Perhaps the most challenging task of all was to conceal the extensive escape preparations from the ever-present ferrets roaming the compound. For this, Bushell appointed American Lieutenant Colonel A. P. "Junior" Clark (aka "Big S") as chief of security. Clark oversaw a team of 300 "stooges" who clandestinely watched the ferrets' every move, ready to signal the escape workers if danger approached.
Actual construction of the tunnels began in April of 1943. In spite of several mishaps (one of the tunnels was detected by the Germans), and the vexing problem of what to do with all of the displaced dirt (over 130 tons of soil was redistributed around the camp by a team of "penguins"), Harry had reached a length of nearly 350 feetenough, according to the surveyors, to reach the outlying treesby early 1944. March 24, a no-moon night, was designated as the date of escape.
The escape itself was plagued with numerous setbacks and delays from the very start, when the tunnel opening was discovered to be several feet shy of the tree line. Consequently, Bushell fell considerably short of his goal of evacuating 200 prisoners. Nonetheless, an unheard-of 76 meneach hoping he'd seen the last of Stalag Luft IIIhad passed to freedom through the tunnel that night, a remarkable number for a single escape effort.
The German high command issued a massive alert. Some five million German troops, policemen, and auxiliary personnel would eventually be diverted from their normal war assignments to search for the escaped airmen. For most of the prisoners, freedom was expectantly short-lived. Within a fortnight, almost all of the escapees had been apprehended.
When news of the escape reached Hitler, he was livid. The Fuerher immediately called for the execution of all recaptured prisoners. Georing, however, intervened and convinced Hitler otherwisenot in the name of humanity but because of practical politics. Such action, reasoned Georing, would not only make it blatantly obvious the men were murdered (in violation of the Geneva Convention), it might encourage Allied reprisals against German POWs. Apparently seeing the logic, Hitler informed Goering that "more than half of them are to be shot." The official text of Hitler's hideous plan, known as the Sagan Order, was issued to the appropriate Gestapo agents and Kriminalpolizei chiefs. The grisly task was completed over the next several days.
The slain POWs and their surviving comrades are immortalized in the 1963 movie The Great Escape, directed by John Sturges. Filmed in Bavaria, Germany, the film boasts an extensive and impressive cast (listed below). One of the leading actors, Donald Pleasence, was himself a Royal Air Force wireless operator during World War II, serving time in a German POW camp after being shot down.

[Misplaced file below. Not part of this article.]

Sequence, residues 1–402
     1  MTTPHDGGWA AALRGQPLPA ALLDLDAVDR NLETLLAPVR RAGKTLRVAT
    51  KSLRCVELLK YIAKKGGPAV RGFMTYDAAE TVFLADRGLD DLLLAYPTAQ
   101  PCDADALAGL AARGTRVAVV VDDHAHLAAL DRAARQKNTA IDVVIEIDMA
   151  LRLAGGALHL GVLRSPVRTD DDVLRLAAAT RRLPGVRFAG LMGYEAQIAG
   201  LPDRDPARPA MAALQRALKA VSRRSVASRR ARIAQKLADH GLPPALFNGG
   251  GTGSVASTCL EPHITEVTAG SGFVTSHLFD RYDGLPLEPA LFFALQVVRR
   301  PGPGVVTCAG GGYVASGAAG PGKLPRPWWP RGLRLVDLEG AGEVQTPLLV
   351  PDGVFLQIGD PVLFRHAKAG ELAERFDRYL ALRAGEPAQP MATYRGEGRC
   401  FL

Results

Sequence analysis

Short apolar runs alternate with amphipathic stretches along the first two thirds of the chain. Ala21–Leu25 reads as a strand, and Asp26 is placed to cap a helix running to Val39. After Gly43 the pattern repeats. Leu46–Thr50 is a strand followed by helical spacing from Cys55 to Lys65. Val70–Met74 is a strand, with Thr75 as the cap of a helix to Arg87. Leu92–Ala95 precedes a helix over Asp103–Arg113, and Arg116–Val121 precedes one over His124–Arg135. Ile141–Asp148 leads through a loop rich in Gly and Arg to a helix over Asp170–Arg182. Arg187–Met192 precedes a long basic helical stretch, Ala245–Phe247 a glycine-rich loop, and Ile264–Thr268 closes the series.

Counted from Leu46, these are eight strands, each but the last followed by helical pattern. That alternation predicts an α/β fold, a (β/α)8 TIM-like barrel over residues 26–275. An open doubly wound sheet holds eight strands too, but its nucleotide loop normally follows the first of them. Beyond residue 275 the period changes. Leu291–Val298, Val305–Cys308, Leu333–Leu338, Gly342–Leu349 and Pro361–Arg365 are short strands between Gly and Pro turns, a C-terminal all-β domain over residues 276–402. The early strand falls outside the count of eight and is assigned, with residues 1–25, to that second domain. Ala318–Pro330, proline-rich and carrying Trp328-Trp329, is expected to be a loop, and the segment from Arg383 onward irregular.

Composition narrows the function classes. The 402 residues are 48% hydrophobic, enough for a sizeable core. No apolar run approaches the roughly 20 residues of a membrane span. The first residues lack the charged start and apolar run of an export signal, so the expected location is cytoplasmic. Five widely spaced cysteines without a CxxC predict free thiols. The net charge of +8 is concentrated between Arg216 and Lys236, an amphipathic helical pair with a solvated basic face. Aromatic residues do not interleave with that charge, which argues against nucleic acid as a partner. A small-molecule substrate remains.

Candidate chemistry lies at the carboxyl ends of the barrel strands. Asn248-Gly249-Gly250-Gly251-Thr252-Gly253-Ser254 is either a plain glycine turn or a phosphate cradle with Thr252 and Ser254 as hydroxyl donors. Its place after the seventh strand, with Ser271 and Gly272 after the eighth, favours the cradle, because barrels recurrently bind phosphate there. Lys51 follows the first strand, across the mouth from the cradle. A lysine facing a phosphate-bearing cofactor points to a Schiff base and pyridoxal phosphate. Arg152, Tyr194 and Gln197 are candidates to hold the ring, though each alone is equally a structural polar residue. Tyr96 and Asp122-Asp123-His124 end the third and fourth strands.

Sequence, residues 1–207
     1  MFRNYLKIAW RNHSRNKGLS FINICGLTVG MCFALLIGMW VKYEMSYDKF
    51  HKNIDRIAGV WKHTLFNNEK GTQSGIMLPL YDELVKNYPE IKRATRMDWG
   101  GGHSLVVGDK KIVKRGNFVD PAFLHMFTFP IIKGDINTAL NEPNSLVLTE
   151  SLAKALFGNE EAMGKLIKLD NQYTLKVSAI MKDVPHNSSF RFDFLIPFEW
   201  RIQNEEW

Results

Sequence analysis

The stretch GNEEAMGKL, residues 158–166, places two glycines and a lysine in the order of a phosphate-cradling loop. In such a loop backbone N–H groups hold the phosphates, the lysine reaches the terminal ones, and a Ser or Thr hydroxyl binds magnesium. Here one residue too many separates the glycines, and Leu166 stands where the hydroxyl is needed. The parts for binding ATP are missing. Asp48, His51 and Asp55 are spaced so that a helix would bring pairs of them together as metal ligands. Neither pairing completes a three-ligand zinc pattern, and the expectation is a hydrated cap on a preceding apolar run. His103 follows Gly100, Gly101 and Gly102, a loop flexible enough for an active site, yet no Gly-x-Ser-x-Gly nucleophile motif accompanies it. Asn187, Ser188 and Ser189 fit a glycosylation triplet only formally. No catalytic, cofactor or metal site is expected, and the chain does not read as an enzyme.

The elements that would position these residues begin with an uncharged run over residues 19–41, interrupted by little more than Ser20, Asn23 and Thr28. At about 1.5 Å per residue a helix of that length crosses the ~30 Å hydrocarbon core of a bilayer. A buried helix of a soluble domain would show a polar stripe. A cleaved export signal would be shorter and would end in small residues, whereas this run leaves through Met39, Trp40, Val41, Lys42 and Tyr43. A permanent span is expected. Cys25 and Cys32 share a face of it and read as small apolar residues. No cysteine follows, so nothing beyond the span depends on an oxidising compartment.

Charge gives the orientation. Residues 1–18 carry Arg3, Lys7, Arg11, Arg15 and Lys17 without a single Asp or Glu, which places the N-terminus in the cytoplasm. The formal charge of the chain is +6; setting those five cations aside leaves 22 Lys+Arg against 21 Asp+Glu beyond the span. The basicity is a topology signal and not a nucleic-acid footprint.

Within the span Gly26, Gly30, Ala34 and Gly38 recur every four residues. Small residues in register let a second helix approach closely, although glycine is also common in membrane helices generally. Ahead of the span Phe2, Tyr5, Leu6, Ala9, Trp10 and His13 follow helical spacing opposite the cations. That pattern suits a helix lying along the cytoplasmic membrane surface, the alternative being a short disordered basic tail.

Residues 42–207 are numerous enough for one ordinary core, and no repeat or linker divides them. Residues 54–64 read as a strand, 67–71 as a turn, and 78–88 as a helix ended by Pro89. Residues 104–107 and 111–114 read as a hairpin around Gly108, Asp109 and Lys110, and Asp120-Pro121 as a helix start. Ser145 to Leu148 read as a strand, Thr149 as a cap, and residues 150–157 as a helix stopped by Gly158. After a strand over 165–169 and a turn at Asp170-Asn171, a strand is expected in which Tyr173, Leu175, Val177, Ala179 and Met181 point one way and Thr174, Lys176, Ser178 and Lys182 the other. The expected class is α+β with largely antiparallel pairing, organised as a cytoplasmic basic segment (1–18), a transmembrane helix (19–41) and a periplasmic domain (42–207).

Richard Attenborough ... Roger Bartlett ("Big X")
Charles Bronson ... Danny Velinski ("the Tunnel King")
James Coburn ... Louis Sedgwick ("the Manufacturer")
James Donald ... Rupert Ramsey ("the SBO")
James Garner ... Bob Hendley ("the Scrounger")
Robert Graf ... Werner ("the Ferret")
Gordon Jackson ... Andy MacDonald ("Intelligence")
Angus Lennie ... Archibald Ives ("the Mole")
John Leyton ... William Dickes ("the Tunneller")
David McCallum ... Eric Ashley-Pitt ("Dispersal")
Steve McQueen ... Virgil Hilts ("the Cooler King")
Hans Messemer ... Von Lugar (Stalag Luft III Commandant)
Donald Pleasence ... Colin Blythe ("the Forger")
Nigel Stock ... Dennis Cavendish ("the Surveyor")
The historical source for The Great Escape is Paul Brickhill's book of the same title, published shortly after the war. Brickhill, a British POW who served as one of the Stalag Luft III stooges, was supposed to have been among the escapees, but was disbarred at the last minute due to claustrophobia. Another Great Escape stooge, American George Hake, wrote the book's introduction. The maps and drawings are the work of Ley Kenyon, one of the escape organization's star counterfeiters.
Many details of the actual escape were meticulously re-created in the movie under the technical advise of Canadian Walt Floody (the real-life Tunnel King) and Englander Barry Mahon. Unfortunately, the movie is not entirely accurate. Although most of the trials and tribulations of the ingenious tunneling process are correctly detailed, the characters (all identified with fictitious names) are trumped-up composites of several real-life prisoners. Admittedly, such amalgamation is understandable for the necessary ease of story-telling. (The actions throughout the film of McQueen's character, for example, can be linked to at least seven of the actual POWs.) The participation by American POWs in the entire eventfrom preparation through the escape itselfis somewhat overstated.
The most predominant departure from the true events happens once the escape has occurred, and the action shifts from one escapee to the next and then the next showing their attempts to flee and subsequent arrest by German authoritiessome of the scenes are strictly Hollywood. Additionally, The Great Escape abbreviates the end for the unfortunate escapees who were shot, but the dramatic finale is poignant all the same. Even with its minor historical flaws, the movie faithfully displays the extreme courage, dogged perseverance, countless frustrations, ironic wit, and suspenseful tragedy of Brickhill's Stalag Luft III comrades.
The Great Escape is not rated, but by today's standards, even the most discriminating viewer would agree that the movie falls safely within the bounds of a PG designation. It runs nearly three hours. The Elmer Bernstein score is a good one.
Select the best response for each item according to information learned by viewing The Great Escape, as well as through lecture and assigned reading.
Choose one of the following. Your response should be 3-5 typed, double-spaced pages and include a list of sources used (minimum of two required).